Genetic analysis of the effect of zinc deficiency on Arabidopsis growth and mineral concentrations
Zinc deficiency is a common micronutrient deficiency in plants growing in many different regions of the world and is associated with disturbances in uptake and accumulation of mineral nutrients. Despite many published data on physiological factors affecting ion accumulation in Zn deficient plants, there is very little information about the genetic factors underlying this. We aim to identify genetic loci involved in mineral accumulation and plant performance under Zn deficiency.
Genetic loci were identified using the genetically segregating Ler × Cvi recombinant inbred line (RIL) population grown under Zn deficient conditions. Lines were analysed for the concentrations of Zn, Fe, Mn, K, Ca, Mg, P, Cu, S and Al in shoot dry matter. The same was done for the same lines grown under Zn sufficient conditions.
We found considerable heritable variation for most mineral concentrations. In general, there was a positive correlation between mineral concentrations. For Zn only condition-dependent QTLs were identified, while for most other mineral concentrations both condition-dependent and -independent QTLs were identified. Several QTLs co-localize, including co-localization to loci controlling shoot biomass and to mineral concentration loci found previously in this and other RIL populations.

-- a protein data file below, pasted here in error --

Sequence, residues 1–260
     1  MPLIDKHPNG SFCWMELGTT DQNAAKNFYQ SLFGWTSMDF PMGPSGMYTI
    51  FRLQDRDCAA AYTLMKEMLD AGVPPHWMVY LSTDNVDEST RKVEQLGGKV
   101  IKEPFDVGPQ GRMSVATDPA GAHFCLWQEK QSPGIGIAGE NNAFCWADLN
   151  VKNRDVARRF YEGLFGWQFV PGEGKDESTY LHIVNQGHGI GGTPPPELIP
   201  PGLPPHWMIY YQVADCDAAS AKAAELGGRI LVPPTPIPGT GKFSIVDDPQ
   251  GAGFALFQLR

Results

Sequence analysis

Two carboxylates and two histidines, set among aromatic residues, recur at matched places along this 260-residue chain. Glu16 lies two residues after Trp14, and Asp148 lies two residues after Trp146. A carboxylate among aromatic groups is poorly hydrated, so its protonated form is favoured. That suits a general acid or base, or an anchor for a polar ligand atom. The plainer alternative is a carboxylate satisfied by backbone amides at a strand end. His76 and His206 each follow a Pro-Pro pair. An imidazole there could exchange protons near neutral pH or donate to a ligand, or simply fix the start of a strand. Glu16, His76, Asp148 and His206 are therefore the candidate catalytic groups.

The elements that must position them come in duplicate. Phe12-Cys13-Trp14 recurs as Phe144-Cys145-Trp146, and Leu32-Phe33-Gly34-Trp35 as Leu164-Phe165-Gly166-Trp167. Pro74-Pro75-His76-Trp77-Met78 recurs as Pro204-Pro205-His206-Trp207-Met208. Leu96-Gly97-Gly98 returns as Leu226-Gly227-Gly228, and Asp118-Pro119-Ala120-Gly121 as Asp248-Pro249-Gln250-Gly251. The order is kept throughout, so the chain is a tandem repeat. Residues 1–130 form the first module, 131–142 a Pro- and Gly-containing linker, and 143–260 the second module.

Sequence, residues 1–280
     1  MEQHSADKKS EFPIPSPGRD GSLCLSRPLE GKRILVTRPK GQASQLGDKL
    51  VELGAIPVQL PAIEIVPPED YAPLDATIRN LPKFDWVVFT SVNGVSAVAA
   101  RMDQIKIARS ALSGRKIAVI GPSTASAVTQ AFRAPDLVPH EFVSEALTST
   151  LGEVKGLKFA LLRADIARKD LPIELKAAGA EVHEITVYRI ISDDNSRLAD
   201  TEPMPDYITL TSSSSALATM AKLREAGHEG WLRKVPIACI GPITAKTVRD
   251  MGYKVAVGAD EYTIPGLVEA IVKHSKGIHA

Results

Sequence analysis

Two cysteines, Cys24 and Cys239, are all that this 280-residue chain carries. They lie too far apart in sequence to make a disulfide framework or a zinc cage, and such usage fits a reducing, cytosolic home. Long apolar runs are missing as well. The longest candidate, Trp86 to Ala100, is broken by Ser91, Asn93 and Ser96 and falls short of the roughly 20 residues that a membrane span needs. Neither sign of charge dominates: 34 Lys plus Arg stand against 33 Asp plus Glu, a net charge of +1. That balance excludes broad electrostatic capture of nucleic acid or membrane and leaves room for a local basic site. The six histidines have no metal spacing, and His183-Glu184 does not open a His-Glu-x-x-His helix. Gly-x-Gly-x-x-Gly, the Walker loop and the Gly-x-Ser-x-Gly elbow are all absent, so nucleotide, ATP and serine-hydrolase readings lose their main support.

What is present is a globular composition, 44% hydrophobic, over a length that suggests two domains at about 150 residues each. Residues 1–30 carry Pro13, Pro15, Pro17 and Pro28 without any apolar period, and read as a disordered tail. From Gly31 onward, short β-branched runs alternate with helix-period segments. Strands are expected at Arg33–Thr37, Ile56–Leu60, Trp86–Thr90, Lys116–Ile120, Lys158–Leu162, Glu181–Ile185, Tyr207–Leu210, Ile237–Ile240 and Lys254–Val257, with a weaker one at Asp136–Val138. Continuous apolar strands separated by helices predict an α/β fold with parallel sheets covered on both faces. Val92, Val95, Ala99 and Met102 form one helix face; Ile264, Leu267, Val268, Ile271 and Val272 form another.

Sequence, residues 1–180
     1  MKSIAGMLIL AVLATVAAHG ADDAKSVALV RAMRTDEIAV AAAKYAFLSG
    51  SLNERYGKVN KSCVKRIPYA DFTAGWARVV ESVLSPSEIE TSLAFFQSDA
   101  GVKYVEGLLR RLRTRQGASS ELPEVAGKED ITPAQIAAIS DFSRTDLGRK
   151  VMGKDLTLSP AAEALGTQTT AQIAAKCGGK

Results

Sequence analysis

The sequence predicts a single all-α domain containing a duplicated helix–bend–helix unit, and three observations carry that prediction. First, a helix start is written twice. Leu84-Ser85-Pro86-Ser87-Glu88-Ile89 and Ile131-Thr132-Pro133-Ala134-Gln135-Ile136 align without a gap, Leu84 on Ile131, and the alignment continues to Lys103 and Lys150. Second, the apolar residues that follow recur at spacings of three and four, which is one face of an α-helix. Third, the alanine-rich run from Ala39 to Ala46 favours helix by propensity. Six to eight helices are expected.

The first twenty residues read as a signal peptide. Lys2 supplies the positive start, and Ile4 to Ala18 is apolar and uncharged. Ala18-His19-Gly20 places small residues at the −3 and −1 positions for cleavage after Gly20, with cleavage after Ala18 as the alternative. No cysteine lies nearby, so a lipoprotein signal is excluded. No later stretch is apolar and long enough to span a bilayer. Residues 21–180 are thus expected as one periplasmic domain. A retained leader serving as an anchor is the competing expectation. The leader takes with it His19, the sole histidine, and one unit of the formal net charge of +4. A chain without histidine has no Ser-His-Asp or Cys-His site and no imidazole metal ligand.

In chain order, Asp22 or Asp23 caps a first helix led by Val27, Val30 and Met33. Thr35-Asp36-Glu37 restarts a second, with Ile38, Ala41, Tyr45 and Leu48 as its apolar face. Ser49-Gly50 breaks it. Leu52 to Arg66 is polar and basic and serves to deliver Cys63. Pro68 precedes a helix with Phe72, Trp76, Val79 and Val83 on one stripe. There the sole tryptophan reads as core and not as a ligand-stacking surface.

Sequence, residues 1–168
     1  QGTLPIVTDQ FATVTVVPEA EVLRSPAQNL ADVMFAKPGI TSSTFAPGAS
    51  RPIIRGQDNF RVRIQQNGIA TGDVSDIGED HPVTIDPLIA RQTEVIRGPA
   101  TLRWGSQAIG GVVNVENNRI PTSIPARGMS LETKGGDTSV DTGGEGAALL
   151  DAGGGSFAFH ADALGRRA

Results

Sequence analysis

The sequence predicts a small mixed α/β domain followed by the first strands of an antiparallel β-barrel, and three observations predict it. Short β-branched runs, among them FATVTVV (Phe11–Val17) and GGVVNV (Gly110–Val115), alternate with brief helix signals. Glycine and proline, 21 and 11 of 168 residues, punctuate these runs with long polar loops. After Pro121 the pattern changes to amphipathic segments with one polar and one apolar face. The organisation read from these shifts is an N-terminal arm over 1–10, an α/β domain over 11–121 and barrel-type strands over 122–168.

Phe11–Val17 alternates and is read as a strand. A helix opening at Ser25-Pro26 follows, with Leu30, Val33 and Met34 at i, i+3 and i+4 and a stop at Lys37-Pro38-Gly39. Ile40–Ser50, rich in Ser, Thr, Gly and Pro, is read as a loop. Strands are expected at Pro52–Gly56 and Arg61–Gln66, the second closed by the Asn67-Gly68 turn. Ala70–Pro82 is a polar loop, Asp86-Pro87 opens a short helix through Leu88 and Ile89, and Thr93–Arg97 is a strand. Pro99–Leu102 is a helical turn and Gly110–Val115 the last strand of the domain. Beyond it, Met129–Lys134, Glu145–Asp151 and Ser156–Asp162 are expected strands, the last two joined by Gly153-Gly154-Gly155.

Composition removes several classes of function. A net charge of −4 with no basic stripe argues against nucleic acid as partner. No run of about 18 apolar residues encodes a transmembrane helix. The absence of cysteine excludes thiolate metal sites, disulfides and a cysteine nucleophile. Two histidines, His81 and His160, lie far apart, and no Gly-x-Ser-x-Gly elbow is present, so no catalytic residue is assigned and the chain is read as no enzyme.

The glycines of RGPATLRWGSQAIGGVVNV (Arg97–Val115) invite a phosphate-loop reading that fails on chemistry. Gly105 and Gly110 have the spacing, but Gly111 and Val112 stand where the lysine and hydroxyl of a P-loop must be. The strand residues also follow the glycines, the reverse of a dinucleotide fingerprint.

There are different genetic loci controlling Zn accumulation under deficient and sufficient Zn supply. Only for few minerals, their accumulation is controlled by Zn-supply-specific loci.
- Genetic analysis of the effect of zinc deficiency on Arabidopsis growth and mineral concentrations
- Open Access
- Available under Open Access This content is freely available online to anyone, anywhere at any time.
Plant and Soil
Volume 361, Issue 1-2 , pp 227-239
- Cover Date
- Print ISSN
- Online ISSN
- Springer Netherlands
- Additional Links
- Mineral deficiency
- Recombinant inbred line
- Arabidopsis thaliana
- Industry Sectors
- Author Affiliations
- 1. Laboratory of Genetics, Wageningen University, Droevendaalsesteeg 1, 6708, Wageningen, The Netherlands
- 2. Faculty of Engineering and Natural Sciences, Sabanci University, 34956, Istanbul, Turkey